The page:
At 6.30 p.m. (Vichy time) of December 8, the National Broadcasting Company short-wave station reported President Roosevelt's request that the Congress declare war on Japan. The voice and words of the President formed a dramatic picture of the most powerful nation of the world embarking on an all-out war to destroy the bandit nation of the Orient.
The war formally declared that day would in my certain opinion result in the destruction of Japan as a first-class sea power, regardless of how much time and treasure might be required to accomplish that end. I knew that the President was thoroughly familiar with the Navy's plans to defeat Japan.
Later in the evening of December 8, the radio reported that casualties at Pearl Harbor probably numbered 3,000. This created anxiety for our relatives and friends stationed there, but we later learned that most of them came out of it all right. Later, when the details were available, I found that there were four ships seriously damaged upon which I had served. They were the Nevada (executive officer, 1917), the ancient Oglala (flagship when I commanded Mine Squadron One, 1921), the cruiser Raleigh (flagship when I was Commander of Destroyers, U.S. Fleet, 1931), and the battleship California.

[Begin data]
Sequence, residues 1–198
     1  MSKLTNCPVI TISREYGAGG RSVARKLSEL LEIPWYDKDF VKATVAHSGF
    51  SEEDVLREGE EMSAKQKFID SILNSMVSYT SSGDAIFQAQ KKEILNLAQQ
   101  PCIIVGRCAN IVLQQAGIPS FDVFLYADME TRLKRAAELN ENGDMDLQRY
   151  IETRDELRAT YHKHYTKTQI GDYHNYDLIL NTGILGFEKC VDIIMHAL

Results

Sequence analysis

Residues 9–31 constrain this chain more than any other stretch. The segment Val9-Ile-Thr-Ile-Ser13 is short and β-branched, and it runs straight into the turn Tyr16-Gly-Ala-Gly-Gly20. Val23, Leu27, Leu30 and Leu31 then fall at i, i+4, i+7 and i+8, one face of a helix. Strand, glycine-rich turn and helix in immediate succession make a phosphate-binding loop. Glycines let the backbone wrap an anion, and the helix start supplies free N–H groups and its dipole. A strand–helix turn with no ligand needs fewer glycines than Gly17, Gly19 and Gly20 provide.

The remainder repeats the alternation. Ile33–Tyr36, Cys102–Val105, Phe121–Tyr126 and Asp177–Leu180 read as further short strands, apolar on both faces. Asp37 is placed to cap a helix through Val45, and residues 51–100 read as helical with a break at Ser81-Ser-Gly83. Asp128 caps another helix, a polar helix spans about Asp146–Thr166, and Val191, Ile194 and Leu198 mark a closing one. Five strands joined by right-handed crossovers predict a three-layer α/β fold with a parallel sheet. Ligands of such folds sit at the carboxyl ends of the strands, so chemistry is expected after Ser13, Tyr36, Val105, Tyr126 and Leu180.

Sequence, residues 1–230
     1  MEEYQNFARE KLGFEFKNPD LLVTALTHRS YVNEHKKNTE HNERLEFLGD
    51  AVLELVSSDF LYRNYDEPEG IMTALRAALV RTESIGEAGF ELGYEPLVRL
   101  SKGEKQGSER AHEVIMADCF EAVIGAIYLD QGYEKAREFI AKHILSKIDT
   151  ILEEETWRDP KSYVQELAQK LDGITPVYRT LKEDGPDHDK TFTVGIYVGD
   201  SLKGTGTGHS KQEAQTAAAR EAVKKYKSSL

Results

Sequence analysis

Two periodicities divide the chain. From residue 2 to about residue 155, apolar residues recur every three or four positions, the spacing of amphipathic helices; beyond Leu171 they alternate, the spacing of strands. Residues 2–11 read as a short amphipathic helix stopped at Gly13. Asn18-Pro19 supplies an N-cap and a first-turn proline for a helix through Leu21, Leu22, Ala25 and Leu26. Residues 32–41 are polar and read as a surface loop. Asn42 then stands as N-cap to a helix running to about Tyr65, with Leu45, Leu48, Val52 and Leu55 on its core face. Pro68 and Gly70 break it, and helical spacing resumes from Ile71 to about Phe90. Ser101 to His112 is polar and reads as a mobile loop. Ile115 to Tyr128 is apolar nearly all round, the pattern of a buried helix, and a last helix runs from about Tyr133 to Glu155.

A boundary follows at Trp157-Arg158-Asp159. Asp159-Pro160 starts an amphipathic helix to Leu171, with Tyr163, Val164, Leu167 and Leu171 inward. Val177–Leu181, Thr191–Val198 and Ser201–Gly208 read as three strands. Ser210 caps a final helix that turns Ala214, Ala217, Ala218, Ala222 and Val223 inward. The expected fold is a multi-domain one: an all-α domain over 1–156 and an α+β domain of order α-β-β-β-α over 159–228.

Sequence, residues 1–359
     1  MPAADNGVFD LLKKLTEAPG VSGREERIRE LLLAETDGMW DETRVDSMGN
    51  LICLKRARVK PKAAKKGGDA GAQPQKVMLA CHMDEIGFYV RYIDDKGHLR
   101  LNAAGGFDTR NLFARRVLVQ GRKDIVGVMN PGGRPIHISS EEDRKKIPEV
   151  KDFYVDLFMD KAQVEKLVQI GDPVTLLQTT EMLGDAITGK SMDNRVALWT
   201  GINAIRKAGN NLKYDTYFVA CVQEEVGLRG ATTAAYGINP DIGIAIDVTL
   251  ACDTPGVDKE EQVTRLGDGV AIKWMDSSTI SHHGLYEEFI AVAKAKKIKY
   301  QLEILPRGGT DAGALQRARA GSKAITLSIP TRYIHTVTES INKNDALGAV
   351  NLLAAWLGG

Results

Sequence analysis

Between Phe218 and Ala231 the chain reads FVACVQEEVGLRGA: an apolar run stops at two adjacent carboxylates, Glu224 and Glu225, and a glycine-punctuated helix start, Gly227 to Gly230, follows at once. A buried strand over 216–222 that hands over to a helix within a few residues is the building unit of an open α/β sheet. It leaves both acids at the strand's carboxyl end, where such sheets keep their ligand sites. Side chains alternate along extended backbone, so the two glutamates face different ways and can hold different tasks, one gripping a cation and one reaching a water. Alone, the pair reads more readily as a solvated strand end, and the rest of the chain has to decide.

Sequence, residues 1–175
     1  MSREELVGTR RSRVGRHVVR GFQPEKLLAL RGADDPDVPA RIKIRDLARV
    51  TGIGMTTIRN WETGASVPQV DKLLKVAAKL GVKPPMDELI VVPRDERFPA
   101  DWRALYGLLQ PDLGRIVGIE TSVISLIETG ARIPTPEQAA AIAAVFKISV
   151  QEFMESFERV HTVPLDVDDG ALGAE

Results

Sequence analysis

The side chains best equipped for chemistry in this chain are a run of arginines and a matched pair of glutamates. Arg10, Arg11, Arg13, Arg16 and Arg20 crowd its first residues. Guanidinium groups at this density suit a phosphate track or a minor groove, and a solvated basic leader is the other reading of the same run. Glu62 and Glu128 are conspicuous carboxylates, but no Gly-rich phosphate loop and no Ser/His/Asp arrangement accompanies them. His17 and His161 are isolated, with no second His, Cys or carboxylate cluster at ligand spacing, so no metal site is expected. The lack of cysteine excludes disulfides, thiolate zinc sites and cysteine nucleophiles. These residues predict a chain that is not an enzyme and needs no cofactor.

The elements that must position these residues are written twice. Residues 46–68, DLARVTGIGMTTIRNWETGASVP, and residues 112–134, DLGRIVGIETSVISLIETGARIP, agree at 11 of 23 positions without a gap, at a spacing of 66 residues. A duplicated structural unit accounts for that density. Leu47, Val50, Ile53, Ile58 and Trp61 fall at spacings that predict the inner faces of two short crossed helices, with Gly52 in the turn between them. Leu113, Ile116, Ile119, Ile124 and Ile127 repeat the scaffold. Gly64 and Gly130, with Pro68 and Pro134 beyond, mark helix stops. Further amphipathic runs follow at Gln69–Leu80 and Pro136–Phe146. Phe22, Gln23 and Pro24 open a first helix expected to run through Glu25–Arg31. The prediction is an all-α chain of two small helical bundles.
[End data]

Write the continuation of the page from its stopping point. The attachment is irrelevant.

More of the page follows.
I think now, in retrospect, that we overestimated the power of the Japanese Navy and Air forces. We had pretty good information while I was Chief of Naval Operations (1937-39) that the Japanese were comparatively inefficient in gunnery However they had good ships, good guns and a lot of air. The whole world in those days was afraid of the air. There was a fear that if we sent our ships near enough to Japan to be attacked by land-based air, it would be very bad for us. It turned out that when we did go there, we took our excellent Naval Air Force with us, and that was bad for the Japs.
The wrecking of our fleet in this unanticipated attack gave the Japanese a terrific advantage they did not have before, but their campaign developed pretty much along expected lines. We thought they would strike down the coast of China and the Dutch East Indies to get oil and rubber, which they had to have to win the war. When we were able to stop that, Japan started to lose the war.